Webb Telescope: NASA Releases Snapshot of Fiery Nebula

NASA has had a busy few days. Bright and early Wednesday morning, the space agency successfully launched the Artemis I mission into space after a months-long delay. Fast forward a few hours and the team of researchers working on the Webb Space Telescope released one of the most stunning pictures the observatory has captured yet. NASA's social media platforms shared a photo of a star named L1527 currently being formed in the midst of a dramatic cloud of cosmic dust. The result is an hourglass-shaped nebula with brilliant blue and orange colors strewn about.

"Despite the chaos that L1527 causes, it's only about 100,000 years old – a relatively young body. Given its age and its brightness in far-infrared light as observed by missions like the Infrared Astronomical Satellite, L1527 is considered a class 0 protostar, the earliest stage of star formation," NASA says of the star in the photo.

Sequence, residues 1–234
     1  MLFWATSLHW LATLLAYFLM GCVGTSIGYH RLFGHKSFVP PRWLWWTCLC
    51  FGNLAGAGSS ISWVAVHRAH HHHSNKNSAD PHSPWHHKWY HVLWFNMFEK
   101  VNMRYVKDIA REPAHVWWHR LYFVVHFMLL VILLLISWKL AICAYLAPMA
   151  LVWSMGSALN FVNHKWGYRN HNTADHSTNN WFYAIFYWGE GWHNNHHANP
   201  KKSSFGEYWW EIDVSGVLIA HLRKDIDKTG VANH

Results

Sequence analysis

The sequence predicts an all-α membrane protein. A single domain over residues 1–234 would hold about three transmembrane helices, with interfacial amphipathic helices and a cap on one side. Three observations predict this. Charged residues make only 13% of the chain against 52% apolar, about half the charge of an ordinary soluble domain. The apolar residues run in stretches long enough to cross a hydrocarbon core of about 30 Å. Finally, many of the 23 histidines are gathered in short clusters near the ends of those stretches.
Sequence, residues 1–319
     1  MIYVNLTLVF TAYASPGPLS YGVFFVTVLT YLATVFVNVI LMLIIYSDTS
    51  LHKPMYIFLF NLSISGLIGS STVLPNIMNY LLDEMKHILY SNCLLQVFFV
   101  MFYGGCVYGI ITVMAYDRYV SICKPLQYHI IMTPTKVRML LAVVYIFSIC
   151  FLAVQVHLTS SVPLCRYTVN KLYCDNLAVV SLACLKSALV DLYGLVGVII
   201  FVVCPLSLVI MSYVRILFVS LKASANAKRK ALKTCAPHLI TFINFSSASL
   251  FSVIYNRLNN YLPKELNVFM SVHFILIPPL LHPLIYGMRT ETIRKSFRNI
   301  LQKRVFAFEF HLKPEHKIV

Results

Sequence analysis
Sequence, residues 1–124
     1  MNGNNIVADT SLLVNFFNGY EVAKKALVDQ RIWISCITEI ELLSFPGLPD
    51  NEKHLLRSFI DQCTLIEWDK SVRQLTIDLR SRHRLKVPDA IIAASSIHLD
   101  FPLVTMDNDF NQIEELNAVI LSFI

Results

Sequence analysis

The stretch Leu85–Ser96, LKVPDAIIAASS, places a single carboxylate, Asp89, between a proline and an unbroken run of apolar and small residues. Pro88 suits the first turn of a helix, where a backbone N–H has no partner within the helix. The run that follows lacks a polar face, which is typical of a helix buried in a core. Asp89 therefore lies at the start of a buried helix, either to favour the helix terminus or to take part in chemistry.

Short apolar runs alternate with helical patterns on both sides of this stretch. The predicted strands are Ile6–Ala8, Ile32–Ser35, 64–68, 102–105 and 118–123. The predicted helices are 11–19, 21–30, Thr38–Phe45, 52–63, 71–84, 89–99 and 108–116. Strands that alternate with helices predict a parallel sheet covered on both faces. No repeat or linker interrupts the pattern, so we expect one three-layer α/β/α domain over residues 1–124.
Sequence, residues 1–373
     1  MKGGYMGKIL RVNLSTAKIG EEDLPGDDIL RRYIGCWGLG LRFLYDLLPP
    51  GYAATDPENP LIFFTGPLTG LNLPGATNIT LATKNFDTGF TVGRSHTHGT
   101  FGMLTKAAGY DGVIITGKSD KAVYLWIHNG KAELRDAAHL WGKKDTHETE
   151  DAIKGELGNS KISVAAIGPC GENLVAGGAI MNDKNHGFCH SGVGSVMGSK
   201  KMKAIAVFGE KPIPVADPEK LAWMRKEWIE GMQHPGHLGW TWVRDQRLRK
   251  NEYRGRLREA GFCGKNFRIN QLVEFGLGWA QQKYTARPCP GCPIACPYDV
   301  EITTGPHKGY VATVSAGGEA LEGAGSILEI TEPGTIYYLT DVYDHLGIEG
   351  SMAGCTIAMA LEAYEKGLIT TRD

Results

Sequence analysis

It adds, "Protostars like these, which are still cocooned in a dark cloud of dust and gas, have a long way to go before they become full-fledged stars. L1527 doesn't generate its own energy through nuclear fusion of hydrogen yet, an essential characteristic of stars. Its shape, while mostly spherical, is also unstable, taking the form of a small, hot, and puffy clump of gas somewhere between 20 and 40% the mass of our Sun."

It's just the latest image released by NASA officials using the new technology aboard the Webb Space Telescope.

"If you think about that, this is farther than humanity has ever moved before," NASA administrator Bill Nelson previously said of the JWST. "And we're only beginning to understand what Webb can and will do. It's going to explore objects in the solar system and atmospheres of exoplanets orbiting other stars, giving us clues as to whether potentially their atmospheres are similar to our own."

"Our goals for Webb's first images and data are both to showcase the telescope's powerful instruments and to preview the science mission to come," astronomer Klaus Pontoppidan, Webb project scientist at STScI, added of the images. "They are sure to deliver a long-awaited 'wow' for astronomers and the public."

For more photos from the Webb Space Telescope and other cosmic stories, check out our ComicBook Invasion hub here.